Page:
Article title: Aerobic exercise training reduces cardiac function and coronary flow-induced vasodilation in mice lacking adiponectin Authors: Jacob T. Caldwell, Karissa M. Dieseldorff Jones, Hyerim Park, Jose R. Pinto, Payal Ghosh, Emily C. Reid-Foley, Brody Ulrich, Michael D. Delp, Brad…

Most Americans Are Not Getting Enough Fiber in Our Diets

Only 5% of men and 9% of women are getting the recommended daily amount of dietary fiber, according to a study being presented at NUTRITION 2021 LIVE ONLINE. Insufficient fiber intake is associated with a higher risk of heart disease and diabetes, two of the most common diseases in the U.S.

Study Compares Heart Benefits of Low-Fat and Plant-Centered Diets

There has been a long-standing debate as to whether a low-fat or a plant-centered diet is better at lowering the risk of cardiovascular disease. A new study that followed more than 4,700 people over 30 years, found that a plant-centered diet was associated with a lower long-term risk for cardiovascular disease. However, both diets were linked with lower LDL, or bad cholesterol, levels.

Heart Health Problems in Your 20s May Affect Brain Health Decades Later

Having health issues such as smoking, high cholesterol or a high body mass index (BMI) in your 20s may make you more likely to have problems with thinking and memory skills and even the brain’s ability to properly regulate its blood flow, according to a preliminary study released today that will be presented at the American Academy of Neurology’s 72nd Annual Meeting in Toronto, Canada, April 25 to May 1, 2020.

Living near Trees May Prevent Vascular Damage from Pollution

Living near an abundance of green vegetation can offset the negative effects of air pollution on blood vessel health. The first-of-its-kind study is published ahead of print in the American Journal of Physiology-Heart and Circulatory Physiology.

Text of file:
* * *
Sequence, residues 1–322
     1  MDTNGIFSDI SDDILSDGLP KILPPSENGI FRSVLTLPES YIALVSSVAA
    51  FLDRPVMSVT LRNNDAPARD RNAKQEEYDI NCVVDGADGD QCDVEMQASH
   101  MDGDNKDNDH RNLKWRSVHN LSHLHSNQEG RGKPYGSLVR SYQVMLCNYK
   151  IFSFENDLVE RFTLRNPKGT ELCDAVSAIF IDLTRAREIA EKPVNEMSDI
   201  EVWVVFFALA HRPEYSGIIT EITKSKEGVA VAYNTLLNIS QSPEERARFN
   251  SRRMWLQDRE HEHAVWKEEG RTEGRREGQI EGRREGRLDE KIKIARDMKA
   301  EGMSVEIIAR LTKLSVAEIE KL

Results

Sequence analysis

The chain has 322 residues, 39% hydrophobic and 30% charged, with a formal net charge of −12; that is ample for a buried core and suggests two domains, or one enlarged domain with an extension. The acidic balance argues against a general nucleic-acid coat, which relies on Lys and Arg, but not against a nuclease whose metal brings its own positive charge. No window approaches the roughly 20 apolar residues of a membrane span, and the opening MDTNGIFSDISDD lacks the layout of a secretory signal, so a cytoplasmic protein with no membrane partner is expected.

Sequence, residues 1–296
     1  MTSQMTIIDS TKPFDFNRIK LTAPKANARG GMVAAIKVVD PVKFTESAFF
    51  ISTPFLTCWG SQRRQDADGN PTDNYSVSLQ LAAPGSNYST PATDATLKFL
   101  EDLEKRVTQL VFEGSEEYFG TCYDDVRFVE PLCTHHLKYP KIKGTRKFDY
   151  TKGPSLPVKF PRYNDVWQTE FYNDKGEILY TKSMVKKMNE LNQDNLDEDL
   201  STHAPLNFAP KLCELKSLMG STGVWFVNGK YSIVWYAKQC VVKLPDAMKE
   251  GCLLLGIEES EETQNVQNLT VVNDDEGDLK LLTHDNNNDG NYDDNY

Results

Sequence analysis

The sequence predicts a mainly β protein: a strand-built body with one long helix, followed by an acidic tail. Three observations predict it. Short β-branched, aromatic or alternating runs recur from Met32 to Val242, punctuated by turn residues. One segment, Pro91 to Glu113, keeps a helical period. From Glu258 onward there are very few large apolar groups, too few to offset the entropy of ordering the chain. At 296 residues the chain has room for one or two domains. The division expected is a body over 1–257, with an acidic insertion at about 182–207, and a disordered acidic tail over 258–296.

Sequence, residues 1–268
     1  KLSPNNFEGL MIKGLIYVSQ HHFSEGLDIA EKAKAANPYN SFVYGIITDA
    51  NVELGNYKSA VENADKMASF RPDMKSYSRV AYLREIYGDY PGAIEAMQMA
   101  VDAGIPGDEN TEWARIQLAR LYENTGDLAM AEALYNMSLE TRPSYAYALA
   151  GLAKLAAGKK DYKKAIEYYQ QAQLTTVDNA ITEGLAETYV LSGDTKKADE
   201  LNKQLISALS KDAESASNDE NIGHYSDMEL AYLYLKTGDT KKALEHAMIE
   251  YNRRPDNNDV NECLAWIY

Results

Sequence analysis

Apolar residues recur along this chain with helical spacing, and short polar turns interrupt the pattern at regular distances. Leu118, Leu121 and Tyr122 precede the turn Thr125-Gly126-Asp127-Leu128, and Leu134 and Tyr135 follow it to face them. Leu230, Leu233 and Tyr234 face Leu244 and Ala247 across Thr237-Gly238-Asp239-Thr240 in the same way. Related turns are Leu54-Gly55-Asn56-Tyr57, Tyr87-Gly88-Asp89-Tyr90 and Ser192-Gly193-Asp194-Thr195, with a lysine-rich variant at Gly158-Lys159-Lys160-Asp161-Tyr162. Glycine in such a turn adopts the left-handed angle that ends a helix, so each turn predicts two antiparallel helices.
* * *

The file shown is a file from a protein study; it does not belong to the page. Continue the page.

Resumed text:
OMRON Healthcare and Mount Sinai Health System Collaborate to Help High-Risk Patients Monitor Their Blood Pressure from Home with VitalSight

• Ensures close connection between patient and physician for remote hypertension monitoring
• Complements Mount Sinai’s growing telehealth initiative
• Medicare-covered and generally at no cost to patients, depending on coverage

Stress during Pregnancy May Negatively Affect Baby’s Muscles

Research in sheep suggests that high levels of a stress hormone during pregnancy may alter gene expression in multiple muscle groups of offspring. These shifts may affect heart, breathing and skeletal muscle function, and could potentially increase risks of inflammation and infection. The study is published ahead of print in Physiological Genomics.

Valentine’s Day heartbreak turns to healing

A broken heart for Valentine’s Day sounds like the plot of a romantic comedy. But for Rebekah Holl, a literal broken heart was her reality on Feb. 14, 2019. Born with a rare defect called d-Transposition of the Great Arteries, she underwent open-heart surgery as an infant to correct the way blood circulates throughout her body. Though rare, congenital heart defects are the most common form of birth defects – affecting about 1% or 40,000 births per year in the U.S.